Last year, I spoke with a group of Hondurans at a soup kitchen in Nogales, Mexico. They had just been deported back to Mexico. I was volunteering at the soup kitchen where recently deported migrants are able to get a bite to eat before going on their way. For most, this means heading back to the border for another attempt. I asked them why they were attempting to enter the United States in Arizona, considering how strict Arizona immigration laws had become. They informed me that it was better than crossing into Texas, because the Zetas now controlled most of the border and the chances of being kidnapped, or worse, were much higher there. This told me two things. One, the Zetas Cartel is whom they are most afraid of, not the U.S. Border Patrol or the laws they enforce. Second, although the Zetas’ presence affected their decision, these Hondurans could not be deterred from crossing into the U.S. They had options, and so they took the path of least resistance.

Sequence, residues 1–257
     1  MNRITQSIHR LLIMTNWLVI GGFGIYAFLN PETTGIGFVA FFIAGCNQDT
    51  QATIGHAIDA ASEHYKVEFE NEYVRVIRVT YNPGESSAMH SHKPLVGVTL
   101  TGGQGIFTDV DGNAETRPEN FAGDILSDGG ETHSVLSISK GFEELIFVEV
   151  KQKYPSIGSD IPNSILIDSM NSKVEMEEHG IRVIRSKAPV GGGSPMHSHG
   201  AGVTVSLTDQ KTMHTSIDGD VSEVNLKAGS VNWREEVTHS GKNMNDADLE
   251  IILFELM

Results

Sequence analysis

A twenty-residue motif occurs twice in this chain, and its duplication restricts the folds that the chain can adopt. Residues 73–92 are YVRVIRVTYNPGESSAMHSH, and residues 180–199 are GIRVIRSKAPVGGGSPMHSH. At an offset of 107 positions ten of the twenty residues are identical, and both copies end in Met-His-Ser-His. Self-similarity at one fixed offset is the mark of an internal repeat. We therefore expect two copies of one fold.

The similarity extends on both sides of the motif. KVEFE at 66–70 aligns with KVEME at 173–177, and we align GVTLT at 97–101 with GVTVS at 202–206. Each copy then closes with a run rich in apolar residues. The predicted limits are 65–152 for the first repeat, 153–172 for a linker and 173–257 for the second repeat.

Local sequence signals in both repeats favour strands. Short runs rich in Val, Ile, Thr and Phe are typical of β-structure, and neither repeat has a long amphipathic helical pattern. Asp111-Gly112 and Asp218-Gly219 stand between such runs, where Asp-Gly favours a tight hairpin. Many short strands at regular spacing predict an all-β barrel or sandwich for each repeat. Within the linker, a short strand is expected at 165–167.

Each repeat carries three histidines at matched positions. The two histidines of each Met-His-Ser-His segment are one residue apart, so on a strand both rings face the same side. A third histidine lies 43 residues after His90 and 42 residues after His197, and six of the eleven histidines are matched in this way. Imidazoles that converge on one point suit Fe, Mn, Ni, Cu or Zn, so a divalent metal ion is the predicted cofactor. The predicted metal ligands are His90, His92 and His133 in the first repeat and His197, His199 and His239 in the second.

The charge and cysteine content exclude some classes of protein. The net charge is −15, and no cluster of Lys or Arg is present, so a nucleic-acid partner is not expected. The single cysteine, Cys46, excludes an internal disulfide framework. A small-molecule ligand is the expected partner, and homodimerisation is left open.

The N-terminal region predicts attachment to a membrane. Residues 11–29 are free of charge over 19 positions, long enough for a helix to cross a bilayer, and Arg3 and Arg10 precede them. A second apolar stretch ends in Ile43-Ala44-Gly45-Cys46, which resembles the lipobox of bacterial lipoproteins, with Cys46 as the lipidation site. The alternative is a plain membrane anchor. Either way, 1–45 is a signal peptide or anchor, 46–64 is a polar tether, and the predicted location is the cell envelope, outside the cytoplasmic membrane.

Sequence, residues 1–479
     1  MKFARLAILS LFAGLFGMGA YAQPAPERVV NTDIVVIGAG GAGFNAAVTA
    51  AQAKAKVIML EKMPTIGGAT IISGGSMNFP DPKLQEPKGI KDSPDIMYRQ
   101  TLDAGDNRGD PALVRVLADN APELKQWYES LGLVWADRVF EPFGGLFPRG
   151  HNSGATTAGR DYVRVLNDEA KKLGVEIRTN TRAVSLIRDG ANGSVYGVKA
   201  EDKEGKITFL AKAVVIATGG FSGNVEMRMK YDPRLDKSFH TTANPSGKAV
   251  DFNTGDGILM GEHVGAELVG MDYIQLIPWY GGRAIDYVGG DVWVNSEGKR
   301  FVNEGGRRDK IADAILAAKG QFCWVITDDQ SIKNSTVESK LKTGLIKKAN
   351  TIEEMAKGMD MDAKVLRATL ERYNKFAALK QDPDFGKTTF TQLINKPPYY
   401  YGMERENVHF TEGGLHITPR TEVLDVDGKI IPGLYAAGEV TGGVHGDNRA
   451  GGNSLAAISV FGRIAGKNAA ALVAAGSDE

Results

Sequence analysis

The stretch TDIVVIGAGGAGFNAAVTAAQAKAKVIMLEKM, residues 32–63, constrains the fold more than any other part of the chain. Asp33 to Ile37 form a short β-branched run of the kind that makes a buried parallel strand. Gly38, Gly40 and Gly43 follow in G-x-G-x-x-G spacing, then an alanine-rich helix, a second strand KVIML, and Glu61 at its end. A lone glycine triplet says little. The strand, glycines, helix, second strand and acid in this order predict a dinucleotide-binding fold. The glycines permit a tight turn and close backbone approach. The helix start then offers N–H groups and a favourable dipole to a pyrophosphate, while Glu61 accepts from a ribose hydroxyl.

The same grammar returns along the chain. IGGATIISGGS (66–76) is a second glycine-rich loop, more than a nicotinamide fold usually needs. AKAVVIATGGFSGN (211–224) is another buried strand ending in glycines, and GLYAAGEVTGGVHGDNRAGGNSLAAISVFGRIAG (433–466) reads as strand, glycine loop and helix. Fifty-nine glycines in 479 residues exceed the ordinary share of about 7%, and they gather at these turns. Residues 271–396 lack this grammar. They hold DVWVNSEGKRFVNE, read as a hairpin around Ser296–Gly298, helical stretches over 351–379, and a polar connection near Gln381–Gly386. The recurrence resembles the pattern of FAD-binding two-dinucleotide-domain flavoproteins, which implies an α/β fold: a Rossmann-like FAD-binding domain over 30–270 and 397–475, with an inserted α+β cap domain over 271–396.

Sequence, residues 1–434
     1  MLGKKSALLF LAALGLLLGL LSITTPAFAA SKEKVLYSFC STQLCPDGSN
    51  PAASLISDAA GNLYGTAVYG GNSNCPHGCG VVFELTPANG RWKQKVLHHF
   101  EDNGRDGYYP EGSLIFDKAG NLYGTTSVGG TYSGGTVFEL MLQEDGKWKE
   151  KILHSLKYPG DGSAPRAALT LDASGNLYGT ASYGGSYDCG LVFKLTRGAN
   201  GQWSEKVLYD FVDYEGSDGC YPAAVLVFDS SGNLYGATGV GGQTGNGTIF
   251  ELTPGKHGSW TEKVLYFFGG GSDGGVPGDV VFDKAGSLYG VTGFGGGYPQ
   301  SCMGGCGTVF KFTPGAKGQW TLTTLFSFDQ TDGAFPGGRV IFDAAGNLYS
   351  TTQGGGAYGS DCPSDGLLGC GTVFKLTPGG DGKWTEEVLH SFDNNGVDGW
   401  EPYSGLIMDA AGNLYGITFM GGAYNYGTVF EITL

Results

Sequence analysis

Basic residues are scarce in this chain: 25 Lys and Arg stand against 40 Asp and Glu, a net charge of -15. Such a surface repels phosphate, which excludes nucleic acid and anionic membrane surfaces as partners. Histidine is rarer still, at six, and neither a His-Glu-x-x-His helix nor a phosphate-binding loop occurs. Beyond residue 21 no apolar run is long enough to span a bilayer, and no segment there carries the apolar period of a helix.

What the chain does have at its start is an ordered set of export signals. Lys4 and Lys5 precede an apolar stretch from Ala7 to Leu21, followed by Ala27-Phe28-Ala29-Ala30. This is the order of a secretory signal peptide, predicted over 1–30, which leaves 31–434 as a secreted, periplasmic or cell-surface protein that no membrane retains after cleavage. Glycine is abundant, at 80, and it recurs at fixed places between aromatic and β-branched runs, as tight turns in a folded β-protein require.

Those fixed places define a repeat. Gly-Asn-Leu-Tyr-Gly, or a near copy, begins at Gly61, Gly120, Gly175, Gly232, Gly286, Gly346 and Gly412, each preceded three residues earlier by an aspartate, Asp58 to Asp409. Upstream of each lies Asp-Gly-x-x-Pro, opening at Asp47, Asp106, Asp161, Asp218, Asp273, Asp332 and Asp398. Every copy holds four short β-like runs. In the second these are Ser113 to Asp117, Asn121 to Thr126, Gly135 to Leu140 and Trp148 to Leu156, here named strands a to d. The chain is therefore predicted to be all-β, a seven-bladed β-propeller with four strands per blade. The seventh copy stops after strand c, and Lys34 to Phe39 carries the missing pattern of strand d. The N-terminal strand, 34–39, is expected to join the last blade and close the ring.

Even the most draconian border policies won’t stop migrants looking for work from coming. Even if it affects the decisions of the few, it wouldn’t have a net effect on the total number of migrants willing to make the journey. On the Texas/Mexico Border the Zetas are in control of the black market. The Zetas control the border with sheer terror and violence. They are obviously not attempting to stop migrants from coming across the border; they just want to rape them for as much as they can first. The migrants try to mitigate the risk in myriad ways, but at the end of the day they understand they may end up dead, or worse, if they attempt the crossing. My Honduran friends routed away from Texas because of the Zetas, and so “border enforcement” by the Zetas did have an effect. However, not every person has the option to decide where he or she crosses over. Many migrants go where they have family. Even more do not have the finances or connections to choose their route or their coyote. The Hondurans had a serious network and experience crossing the border. Not all migrants will have more than one option, especially the most poor or vulnerable, including women and children.